Article |

Fluphenazine Dose, Clinical Response, and Extrapyramidal Symptoms During Acute Treatment

Douglas F. Levinson, MD; George M. Simpson, MD; Hardeep Singh, MD; Kashinath Yadalam, MD; Anil Jain, MD; Mary Jeanne Stephanos, RN; Paul Silver, MD
Arch Gen Psychiatry. 1990;47(8):761-768. doi:10.1001/archpsyc.1990.01810200069010.
Text Size: A A A
Published online

• Fifty-three patients with acute exacerbations of Research Diagnostic Criteria schizophrenic, schizoaffective (mainly schizophrenic), and other nonaffective psychoses completed 24 or 28 days of treatment with randomized, fixed, double-blind doses of 10, 20, or 30 mg of oral fluphenazine hydrochloride daily. In the sample as a whole, improvement was not predicted by dose but was negatively related to duration of illness and of lifetime hospitalization, and to the presence of akathisia during the study (which was unrelated to chronicity). But among patients showing 40% or greater improvement in positive symptoms, percent improvement was predicted by dose and dose per kilogram of body weight; this was not the case for negative symptoms. Severity of acute extrapyramidal symptoms (excluding acute dystonia, dyskinesia, and akathisia) was significantly correlated with dosage per kilogram. Doses greater than 0.2 mg/kg per day were associated with greater clinical improvement but also with a high incidence of extrapyramidal symptoms; doses over O.3 mg/kg per day were associated with more severe extrapyramidal symptoms. These preliminary results suggest that there is a linear relationship between fluphenazine dosage and acute outcome, and that this relationship is observed in patients whose conditions improve to a criterion level. It is suggested that the nonresponder group may include many patients in whom dose is not relevant because they are unable (for a variety of reasons) to respond to the study treatment conditions; excluding them from analysis may allow a significant dose-response relationship to be observed. Akathisia deserves further study as a possible predictor of nonresponse.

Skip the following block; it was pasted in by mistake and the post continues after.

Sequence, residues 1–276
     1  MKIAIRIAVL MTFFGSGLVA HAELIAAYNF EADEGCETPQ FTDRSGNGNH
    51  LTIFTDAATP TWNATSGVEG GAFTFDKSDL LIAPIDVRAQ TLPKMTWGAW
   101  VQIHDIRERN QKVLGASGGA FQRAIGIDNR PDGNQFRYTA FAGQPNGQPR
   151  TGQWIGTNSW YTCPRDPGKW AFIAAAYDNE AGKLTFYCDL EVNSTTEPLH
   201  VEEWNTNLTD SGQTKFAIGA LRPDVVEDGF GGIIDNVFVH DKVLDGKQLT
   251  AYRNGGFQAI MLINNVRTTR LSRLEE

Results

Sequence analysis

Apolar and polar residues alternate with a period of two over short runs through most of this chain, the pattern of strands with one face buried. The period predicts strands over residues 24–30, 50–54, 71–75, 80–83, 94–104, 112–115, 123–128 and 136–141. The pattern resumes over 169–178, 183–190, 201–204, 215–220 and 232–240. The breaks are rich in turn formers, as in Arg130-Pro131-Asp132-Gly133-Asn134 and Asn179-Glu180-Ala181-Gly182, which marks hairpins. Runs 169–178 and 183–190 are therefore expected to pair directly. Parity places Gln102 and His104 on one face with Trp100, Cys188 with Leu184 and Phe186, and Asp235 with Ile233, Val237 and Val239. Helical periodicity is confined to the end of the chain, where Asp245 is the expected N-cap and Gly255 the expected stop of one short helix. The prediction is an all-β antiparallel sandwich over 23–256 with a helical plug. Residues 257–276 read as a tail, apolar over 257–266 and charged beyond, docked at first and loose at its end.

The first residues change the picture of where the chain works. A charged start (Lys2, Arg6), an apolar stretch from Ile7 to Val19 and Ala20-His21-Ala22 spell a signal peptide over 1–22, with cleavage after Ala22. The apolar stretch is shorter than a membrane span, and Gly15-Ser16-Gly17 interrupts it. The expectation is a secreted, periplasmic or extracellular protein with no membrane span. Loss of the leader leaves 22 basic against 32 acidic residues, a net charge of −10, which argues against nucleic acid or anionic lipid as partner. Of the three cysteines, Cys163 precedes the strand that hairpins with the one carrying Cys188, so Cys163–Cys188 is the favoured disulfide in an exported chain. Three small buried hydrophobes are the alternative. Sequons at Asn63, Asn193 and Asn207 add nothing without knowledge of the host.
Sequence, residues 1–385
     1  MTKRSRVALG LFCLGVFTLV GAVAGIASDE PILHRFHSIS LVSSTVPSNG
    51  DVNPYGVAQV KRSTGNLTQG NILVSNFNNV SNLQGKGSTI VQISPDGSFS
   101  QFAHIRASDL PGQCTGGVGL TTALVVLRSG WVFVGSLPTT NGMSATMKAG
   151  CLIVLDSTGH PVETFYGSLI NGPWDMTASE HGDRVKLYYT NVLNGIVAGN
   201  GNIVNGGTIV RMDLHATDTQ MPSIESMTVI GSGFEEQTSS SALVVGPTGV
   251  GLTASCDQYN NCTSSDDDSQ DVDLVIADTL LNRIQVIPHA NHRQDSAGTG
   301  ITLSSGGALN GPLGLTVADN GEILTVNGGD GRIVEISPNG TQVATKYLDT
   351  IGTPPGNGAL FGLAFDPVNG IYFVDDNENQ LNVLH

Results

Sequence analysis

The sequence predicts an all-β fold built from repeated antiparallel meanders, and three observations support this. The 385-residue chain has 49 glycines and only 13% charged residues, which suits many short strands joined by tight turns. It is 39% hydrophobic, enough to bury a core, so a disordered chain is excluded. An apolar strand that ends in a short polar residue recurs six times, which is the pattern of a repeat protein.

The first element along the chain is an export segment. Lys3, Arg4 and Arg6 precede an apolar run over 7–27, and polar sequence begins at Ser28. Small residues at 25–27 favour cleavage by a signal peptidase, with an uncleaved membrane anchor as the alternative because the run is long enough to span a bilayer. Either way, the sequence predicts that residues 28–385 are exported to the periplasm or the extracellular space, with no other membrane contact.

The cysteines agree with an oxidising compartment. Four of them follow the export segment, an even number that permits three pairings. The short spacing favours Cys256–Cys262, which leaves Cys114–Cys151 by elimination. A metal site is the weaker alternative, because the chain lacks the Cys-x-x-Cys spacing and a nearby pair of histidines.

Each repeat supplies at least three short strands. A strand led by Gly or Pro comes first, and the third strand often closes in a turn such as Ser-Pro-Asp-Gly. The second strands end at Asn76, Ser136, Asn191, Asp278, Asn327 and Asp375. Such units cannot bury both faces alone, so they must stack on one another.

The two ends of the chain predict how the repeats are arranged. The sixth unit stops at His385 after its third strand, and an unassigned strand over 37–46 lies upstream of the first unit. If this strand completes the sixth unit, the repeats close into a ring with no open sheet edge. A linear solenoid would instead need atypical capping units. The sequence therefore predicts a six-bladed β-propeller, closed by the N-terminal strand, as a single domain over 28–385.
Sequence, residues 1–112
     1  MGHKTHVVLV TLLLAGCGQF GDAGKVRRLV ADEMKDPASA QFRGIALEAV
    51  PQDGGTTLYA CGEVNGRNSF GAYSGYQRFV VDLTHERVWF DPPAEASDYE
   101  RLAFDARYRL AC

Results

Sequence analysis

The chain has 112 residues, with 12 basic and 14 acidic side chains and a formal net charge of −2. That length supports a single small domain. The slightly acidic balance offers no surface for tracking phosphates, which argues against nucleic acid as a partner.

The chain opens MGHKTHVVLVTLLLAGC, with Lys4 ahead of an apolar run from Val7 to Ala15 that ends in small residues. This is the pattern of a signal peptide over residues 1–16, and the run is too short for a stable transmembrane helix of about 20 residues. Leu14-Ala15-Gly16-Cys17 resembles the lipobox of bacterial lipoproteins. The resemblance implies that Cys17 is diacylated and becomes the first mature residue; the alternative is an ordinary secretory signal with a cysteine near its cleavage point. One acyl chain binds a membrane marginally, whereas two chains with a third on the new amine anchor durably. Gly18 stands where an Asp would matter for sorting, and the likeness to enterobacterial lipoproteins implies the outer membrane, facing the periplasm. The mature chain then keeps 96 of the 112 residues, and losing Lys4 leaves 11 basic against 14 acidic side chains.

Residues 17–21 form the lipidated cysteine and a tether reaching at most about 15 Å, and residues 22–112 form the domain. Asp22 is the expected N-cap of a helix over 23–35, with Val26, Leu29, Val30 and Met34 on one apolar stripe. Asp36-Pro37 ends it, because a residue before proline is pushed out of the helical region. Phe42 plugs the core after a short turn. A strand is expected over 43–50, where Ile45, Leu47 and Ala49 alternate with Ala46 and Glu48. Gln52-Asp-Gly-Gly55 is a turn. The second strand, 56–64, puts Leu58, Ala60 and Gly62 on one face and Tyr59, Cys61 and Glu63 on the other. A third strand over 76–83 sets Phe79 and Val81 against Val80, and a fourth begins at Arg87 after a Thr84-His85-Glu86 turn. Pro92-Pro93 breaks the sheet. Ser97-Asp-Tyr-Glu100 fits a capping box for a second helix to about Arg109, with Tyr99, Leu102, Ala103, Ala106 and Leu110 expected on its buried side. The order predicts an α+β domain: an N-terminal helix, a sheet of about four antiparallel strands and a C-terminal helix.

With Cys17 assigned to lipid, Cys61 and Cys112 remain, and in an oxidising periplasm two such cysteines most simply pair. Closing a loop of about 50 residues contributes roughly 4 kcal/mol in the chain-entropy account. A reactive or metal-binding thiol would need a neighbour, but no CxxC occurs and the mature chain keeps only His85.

Sign In to Access Full Content

Don't have Access?

Register and get free email Table of Contents alerts, saved searches, PowerPoint downloads, CME quizzes, and more

Subscribe for full-text access to content from 1998 forward and a host of useful features

Activate your current subscription (AMA members and current subscribers)

Purchase Online Access to this article for 24 hours





Meets CME requirements for:
Browse CME for all U.S. States
Accreditation Information
The American Medical Association is accredited by the Accreditation Council for Continuing Medical Education to provide continuing medical education for physicians. The AMA designates this journal-based CME activity for a maximum of 1 AMA PRA Category 1 CreditTM per course. Physicians should claim only the credit commensurate with the extent of their participation in the activity. Physicians who complete the CME course and score at least 80% correct on the quiz are eligible for AMA PRA Category 1 CreditTM.
Note: You must get at least of the answers correct to pass this quiz.
You have not filled in all the answers to complete this quiz
The following questions were not answered:
Sorry, you have unsuccessfully completed this CME quiz with a score of
The following questions were not answered correctly:
Commitment to Change (optional):
Indicate what change(s) you will implement in your practice, if any, based on this CME course.
Your quiz results:
The filled radio buttons indicate your responses. The preferred responses are highlighted
For CME Course: A Proposed Model for Initial Assessment and Management of Acute Heart Failure Syndromes
Indicate what changes(s) you will implement in your practice, if any, based on this CME course.
Citing articles are presented as examples only. In non-demo SCM6 implementation, integration with CrossRef’s "Cited By" API will populate this tab (http://www.crossref.org/citedby.html).
Submit a Comment


Some tools below are only available to our subscribers or users with an online account.

Sign In to Access Full Content

Related Content

Customize your page view by dragging & repositioning the boxes below.